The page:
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Remote sensing and Earth observation

Remote sensing is the technique of observing and analyzing objects from a distance without being in direct contact with them. When studying the Earth we often use the term Earth observation, which primarily means information collected from Earth observing satellites.

Earth observing satellites have generated data from the 1960’s and onwards. Today, hundreds of satellites generate data useful for monitoring the Earth. These data provide a powerful tool for monitoring land cover and vegetation changes, climatic variability and change, water resources, biogeochemical cycles, and human impact on these systems. 

Satelllite image of souhern Sweden.
Satelllite image of southern Sweden.

Understanding of ecosystem processes and landscape changes

At the Department of Physical Geography and Ecosystem Science, we focus on the understanding of ecosystem processes and landscape changes in time. We combine data from satellite sensors with other data sources for studying vegetation, water and ecosystems to better understand both natural systems and human influence on them.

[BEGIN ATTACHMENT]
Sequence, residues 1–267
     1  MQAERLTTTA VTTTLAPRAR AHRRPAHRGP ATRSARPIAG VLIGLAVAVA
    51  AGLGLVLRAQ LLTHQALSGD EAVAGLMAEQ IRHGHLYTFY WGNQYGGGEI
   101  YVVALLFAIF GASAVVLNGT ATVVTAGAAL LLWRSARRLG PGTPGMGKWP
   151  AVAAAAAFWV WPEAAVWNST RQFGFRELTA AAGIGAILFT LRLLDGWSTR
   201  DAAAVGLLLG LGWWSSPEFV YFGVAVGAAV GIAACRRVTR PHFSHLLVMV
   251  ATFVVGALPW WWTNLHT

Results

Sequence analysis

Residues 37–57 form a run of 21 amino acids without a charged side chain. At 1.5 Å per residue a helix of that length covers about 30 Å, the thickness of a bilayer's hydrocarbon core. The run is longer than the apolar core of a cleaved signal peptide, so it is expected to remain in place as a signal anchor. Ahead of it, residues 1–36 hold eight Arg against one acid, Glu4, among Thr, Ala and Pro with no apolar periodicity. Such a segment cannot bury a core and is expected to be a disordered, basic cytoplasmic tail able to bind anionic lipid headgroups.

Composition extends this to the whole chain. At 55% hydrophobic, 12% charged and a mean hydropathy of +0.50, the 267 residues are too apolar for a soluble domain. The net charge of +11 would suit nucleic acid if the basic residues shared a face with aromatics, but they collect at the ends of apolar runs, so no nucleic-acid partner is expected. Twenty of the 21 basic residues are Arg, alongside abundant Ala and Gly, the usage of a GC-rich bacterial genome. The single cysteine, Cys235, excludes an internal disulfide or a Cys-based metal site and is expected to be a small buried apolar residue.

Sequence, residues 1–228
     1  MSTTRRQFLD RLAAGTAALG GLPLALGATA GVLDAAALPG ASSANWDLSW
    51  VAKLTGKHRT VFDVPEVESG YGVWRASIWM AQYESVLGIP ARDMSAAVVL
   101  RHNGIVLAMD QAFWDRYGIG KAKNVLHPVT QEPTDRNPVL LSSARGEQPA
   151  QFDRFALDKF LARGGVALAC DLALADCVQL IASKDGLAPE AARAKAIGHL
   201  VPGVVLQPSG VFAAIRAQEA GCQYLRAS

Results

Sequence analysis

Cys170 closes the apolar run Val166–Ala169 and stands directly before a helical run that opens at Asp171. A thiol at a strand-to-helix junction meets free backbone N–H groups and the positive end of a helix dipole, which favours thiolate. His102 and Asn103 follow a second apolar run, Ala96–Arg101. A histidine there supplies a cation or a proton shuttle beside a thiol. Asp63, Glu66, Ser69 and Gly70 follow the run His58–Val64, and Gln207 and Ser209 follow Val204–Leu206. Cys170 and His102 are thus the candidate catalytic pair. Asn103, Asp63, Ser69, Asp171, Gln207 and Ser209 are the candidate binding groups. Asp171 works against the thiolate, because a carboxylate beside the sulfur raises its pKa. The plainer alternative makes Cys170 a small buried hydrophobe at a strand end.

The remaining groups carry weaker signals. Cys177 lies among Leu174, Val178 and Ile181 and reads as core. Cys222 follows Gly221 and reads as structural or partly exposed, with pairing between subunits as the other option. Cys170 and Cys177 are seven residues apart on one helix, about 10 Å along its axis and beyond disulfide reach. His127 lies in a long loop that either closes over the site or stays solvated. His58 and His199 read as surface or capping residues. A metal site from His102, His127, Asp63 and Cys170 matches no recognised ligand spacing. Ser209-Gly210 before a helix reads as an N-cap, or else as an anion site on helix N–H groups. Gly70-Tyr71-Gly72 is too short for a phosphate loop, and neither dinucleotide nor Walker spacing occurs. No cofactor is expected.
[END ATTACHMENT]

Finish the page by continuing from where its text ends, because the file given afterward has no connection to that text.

We are active in arctic, sub-arctic, boreal, temperate and tropical ecosystems, and combine satellite sensor data analysis with carbon measurements (e.g. the ICOS network), data collected with UAVs, and ground validation data. Sources of ground validation data include a network of phenocams and data collected with the use of spectroradiometers.
Our main fields of research in Earth Observation are listed here (click to read more):

Contact information

Lars Eklundh
lars [dot] eklundh [at] nateko [dot] lu [dot] se
Phone: +46462229655